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Written by a former war photographer, this book is for anyone who’s ever felt like an outsider, lost in country you desperately want to understand.
Lena, a struggling photographer, flies from London to the war-torn highlands of Angola, after hearing the news of a suspicious explosion. She tries to piece together the reasons behind the disappearance of her sister DJ, but she gets entangled in the country’s conflict for minerals and power.
The book is a love story – actually, stories – crossing conventional lines in a war zone, but it is more than that. It is about working in intense situations, and finding the courage to bear witness to abuses. It is about how people can connect and help others in unexpected ways, despite a threatening landscape. Pacey and suspenseful, the book is ultimately uplifting, although bittersweet.
The novel is hard to categorise. It doesn’t fit in the neat little boxes or genres that the book industry likes. At the heart of it, it is a story about sisters; they are complex and complicated women, with aspects that each has kept hidden from the other.
Inspired by some great works like A Constant Gardener by John Le Carré, and Half of a Yellow Sun by Chimamanda Ngozi Adichie, the book explores big themes and questions such as: how can we know what is the truth, and what is deception? How much are we shaped by family, and can we ever truly break away from that? If love gives life meaning, what happens when the person you love is taken away?
As a photographer, I have always been drawn to dramatic landscapes, and finding the humanity within. I worked in Angola at the time of the end of the civil war. I flew in planes doing the dangerous spiral described in the beginning chapters. I have interviewed soldiers and warlords, been detained at checkpoints, and photographed children in harrowing condition. So, while this book is a work of fiction, there is a lot of truth in the pages; I hope this will engage you as readers and keep you hooked until the very last line.
Please join us to make it a reality! As Patron, you get a special thank you in the back of the book for supporting the printing of the first edition. If you want to pledge higher support, you can be a Super Patron and get your name with special acknowledgements in the front of the book. Also, for those who are photography collectors, for higher pledges you can receive copies of hand-printed black-and-white landscape photographs from my Humanity in the Landscape series, from Angola and other countries in Africa.
Most importantly, you will know that you were part of making something real, bringing creative writing to print and to life for people to enjoy around the world. Thank you!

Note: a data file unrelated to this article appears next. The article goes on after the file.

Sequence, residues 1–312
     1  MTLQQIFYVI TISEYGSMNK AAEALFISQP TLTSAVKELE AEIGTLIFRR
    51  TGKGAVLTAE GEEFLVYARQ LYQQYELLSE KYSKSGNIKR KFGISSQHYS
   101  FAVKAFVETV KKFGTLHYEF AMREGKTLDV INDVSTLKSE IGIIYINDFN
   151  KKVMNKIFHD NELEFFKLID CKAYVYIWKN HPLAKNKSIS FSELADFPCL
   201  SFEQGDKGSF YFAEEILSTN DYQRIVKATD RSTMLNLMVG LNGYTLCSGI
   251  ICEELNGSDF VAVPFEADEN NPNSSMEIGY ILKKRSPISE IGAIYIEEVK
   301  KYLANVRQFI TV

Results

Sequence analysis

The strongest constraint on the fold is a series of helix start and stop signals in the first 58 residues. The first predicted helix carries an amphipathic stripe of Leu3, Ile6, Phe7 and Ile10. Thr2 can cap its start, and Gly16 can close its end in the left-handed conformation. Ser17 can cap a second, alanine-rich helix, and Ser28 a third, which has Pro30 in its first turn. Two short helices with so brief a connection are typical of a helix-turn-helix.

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A.B Kyazze is a British-American writer and photographer. She has spent more than 18 years writing and taking photographs on humanitarian crises across the globe in Africa, Asia and Southern Europe. Her work and travels have taken her to Angola, where Into the Mouth of the Lion is set, as well as the Democratic Republic of Congo, Sudan, Liberia, Uganda, Cape Verde, Kenya, Malawi, Zambia, Ethiopia, Senegal, South Africa, and other places.
She believes that in any landscape – peace or conflict, urban or rural - exists strong human stories that need to be told. Having focused on non-fiction writing for most of her career, she now draws on her real-life experiences to bring these powerful stories to life in her debut novel.
Her photographs and non-fiction work have been published in travel magazines, The Huffington Post, The Washington Times, Medium and other places. She was long listed for the Mslexia Women’s first novel prize in 2017. She also writes short stories, and was published in the National Anthology of Flash Fiction 2019. She lives in Southeast London with her young family, and is working on a series of novels set in Darfur, Eastern Congo, Paris and London.
Malanje, Angolan Highlands, January 2002
You are thrown backwards by the blast, out of the shack, falling and stumbling.
‘Maria!’ you scream as you scramble back up. You’re clawing your way to the doorway. Inside it is black with orange fragments of flame, spread in a circle.
The smoke pricks your eyes and you cover your mouth and nose with the collar of your shirt. You are crying and shouting at the same time. You smell burnt hair and an awful saturated human scent that you’ve never known before.
‘Maria, where are you, Maria?’
You hear voices outside, people who heard the explosion.
Oh God, Jesus Mary mother of God. Maria looks down at her blackened self and feels intense pain, wetness and emptiness where a solid body used to be. She knows this is bad. She sees the horror on DJ’s face.
She looks away, eyes to the ceiling. As she loses consciousness, she asks: I’m not going to make it Lord, am I?
She gets no reply.
- 13th September 2019 Into the Mouth of the Lion - over 40% funded!
Thank you so much for your interest in and support of Into the Mouth of the Lion! In the first 11 days we’ve raised over 40% of our goal!
If you know of others who are thinking of supporting the book, please do encourage them to pledge soon, as it would be great to keep up the momentum. We have added some new rewards, such as photography lessons, creative writing lessons, and other things that…
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